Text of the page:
A new report was revealed that lesbian women has more orgasms and at a higher frequency than heterosexual women. For the research conducted by the Kinsey Institute for Research in Sex, Gender and Reproduction at Indiana University in Bloomington, about 2,850 single Americans were given an online questionnaire to answer.
The survey was sponsored by the online dating company Match.com, but the respondents were not limited to the website's users. The answers came from people of diverse age groups, ranging from 21 to more than 80 years old. The survey revealed that lesbians had orgasms 13.1 per cent more often than heterosexual women.
Justin Garcia, a professor and lead researcher at Indiana University of gender studies, explained that a woman's orgasm cannot be predicted, unlike men they vary according to their sexual orientation. He referred to the 1966, pioneer sex researchers Masters and Johnson's statement that men could learn how to bring their partner to orgasm from lesbian women. The fact that lesbians had much more orgasms than heterosexual women is not new, he told Reuters Health. "There are still pretty strong sexual double standards in America and they infiltrate the bedroom".
Nicole Prause did not totally agree with the findings; according to her many women do not experience an orgasm but just believe that they do. "I would be shocked if they are not over-counting", Prause told Reuters Health. She said to accurately measure an orgasm, researchers have to take into account the number of contractions men and women have during an orgasm. Normally she said it would be 8 to 12, but researchers do not measure them.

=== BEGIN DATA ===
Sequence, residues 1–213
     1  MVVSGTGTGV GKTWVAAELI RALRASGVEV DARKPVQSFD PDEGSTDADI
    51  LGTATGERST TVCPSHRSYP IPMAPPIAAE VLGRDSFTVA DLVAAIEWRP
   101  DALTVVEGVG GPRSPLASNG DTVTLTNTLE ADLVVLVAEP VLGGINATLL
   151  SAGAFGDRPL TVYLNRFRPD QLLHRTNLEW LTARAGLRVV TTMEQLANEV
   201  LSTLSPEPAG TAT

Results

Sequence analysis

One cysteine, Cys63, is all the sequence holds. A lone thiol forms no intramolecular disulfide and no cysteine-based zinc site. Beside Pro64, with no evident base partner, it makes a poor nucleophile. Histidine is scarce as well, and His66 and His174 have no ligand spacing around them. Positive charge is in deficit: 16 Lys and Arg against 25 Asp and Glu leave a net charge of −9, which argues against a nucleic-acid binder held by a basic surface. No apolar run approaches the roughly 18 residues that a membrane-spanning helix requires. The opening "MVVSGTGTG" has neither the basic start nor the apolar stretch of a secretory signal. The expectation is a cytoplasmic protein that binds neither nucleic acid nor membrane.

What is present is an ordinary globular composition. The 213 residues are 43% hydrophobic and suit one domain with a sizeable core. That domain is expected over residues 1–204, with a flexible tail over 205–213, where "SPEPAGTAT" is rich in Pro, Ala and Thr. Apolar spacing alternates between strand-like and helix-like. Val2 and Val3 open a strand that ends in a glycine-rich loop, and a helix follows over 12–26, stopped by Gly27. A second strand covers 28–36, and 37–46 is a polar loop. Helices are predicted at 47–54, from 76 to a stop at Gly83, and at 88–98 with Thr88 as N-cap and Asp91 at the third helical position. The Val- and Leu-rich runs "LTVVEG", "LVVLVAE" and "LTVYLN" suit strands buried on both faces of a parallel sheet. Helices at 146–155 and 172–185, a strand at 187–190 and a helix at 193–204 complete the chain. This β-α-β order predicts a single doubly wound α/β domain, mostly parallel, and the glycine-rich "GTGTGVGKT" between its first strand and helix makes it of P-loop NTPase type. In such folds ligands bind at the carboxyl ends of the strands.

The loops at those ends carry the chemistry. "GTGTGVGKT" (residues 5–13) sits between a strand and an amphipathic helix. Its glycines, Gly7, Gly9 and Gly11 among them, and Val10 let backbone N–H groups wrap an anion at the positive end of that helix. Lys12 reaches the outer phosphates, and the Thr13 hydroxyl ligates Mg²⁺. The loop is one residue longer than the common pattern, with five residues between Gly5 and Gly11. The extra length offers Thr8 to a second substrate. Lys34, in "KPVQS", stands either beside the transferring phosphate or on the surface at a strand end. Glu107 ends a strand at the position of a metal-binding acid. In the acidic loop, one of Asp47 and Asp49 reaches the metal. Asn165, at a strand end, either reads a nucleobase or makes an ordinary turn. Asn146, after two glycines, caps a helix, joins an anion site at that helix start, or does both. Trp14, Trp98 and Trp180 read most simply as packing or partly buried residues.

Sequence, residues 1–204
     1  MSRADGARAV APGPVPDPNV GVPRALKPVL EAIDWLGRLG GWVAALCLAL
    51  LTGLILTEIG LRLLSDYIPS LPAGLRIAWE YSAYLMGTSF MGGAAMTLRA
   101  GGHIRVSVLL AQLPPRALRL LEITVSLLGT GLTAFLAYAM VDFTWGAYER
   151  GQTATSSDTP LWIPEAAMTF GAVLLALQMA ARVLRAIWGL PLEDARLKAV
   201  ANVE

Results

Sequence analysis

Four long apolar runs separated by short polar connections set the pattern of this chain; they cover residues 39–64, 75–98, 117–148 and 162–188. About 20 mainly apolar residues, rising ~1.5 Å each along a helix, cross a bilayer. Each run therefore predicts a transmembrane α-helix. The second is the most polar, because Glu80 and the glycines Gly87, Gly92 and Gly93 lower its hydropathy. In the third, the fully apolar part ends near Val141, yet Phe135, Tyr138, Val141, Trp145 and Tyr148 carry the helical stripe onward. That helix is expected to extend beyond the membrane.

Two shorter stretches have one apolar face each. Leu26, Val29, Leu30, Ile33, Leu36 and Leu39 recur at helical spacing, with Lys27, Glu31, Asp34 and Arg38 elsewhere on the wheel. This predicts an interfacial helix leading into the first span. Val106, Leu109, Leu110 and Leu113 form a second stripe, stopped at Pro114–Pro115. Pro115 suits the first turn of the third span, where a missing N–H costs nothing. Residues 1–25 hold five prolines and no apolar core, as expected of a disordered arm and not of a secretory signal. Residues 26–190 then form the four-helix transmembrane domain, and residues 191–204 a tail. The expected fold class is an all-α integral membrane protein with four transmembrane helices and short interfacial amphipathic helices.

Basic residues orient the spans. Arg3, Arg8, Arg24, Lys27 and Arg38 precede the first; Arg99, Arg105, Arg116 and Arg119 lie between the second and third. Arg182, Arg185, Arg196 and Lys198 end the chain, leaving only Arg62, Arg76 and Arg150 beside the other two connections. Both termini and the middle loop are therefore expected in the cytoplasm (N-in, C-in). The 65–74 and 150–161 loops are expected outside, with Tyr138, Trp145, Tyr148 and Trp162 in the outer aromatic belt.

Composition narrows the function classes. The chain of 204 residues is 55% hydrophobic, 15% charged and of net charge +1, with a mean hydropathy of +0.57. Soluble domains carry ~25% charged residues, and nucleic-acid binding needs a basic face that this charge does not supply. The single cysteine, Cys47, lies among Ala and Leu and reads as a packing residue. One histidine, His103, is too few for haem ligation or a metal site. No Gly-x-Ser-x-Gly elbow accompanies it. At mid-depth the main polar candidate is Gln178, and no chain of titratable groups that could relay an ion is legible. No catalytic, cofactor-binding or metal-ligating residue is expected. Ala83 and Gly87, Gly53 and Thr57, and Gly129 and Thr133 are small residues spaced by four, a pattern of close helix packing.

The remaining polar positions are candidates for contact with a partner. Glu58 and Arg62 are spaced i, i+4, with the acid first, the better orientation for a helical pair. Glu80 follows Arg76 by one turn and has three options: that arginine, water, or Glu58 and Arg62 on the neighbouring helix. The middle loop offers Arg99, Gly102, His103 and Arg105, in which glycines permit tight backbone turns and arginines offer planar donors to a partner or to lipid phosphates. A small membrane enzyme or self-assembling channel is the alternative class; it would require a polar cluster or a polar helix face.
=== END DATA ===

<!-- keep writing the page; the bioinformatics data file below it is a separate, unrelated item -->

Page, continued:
The study revealed that though lesbians experienced more orgasms than heterosexual women, gay men and men experienced the most orgasms. The study also found that casual hook ups with strangers resulted in lower orgasm rates. Gracia said, "It is also known that that orgasm rates are higher in men and women in committed relationships".
There was no difference in the measures between heterosexual and gay men; they were on par with each other. Both experienced an orgasm 85.5 per cent of the time, while heterosexual women climaxed 61.6 per cent of the time and homosexual women experience 74.4 per cent of the time. Both with familiar partners. Bisexuals reported the lowest rate of orgasms.
Prause brought to light the disadvantages of the reports, the research involved only those with success to a laptop, she said. In addition, in the authors note, they "did not include the categories of 'queer' or 'asexual' or a variety of other categories that more fully encompass people's sexual identities".
A measure of the contractions during an orgasm was of outmost importance in such a study, she stated. It would make it all the more accurate and credible.
The findings published are in the Journal of Sexual Medicine.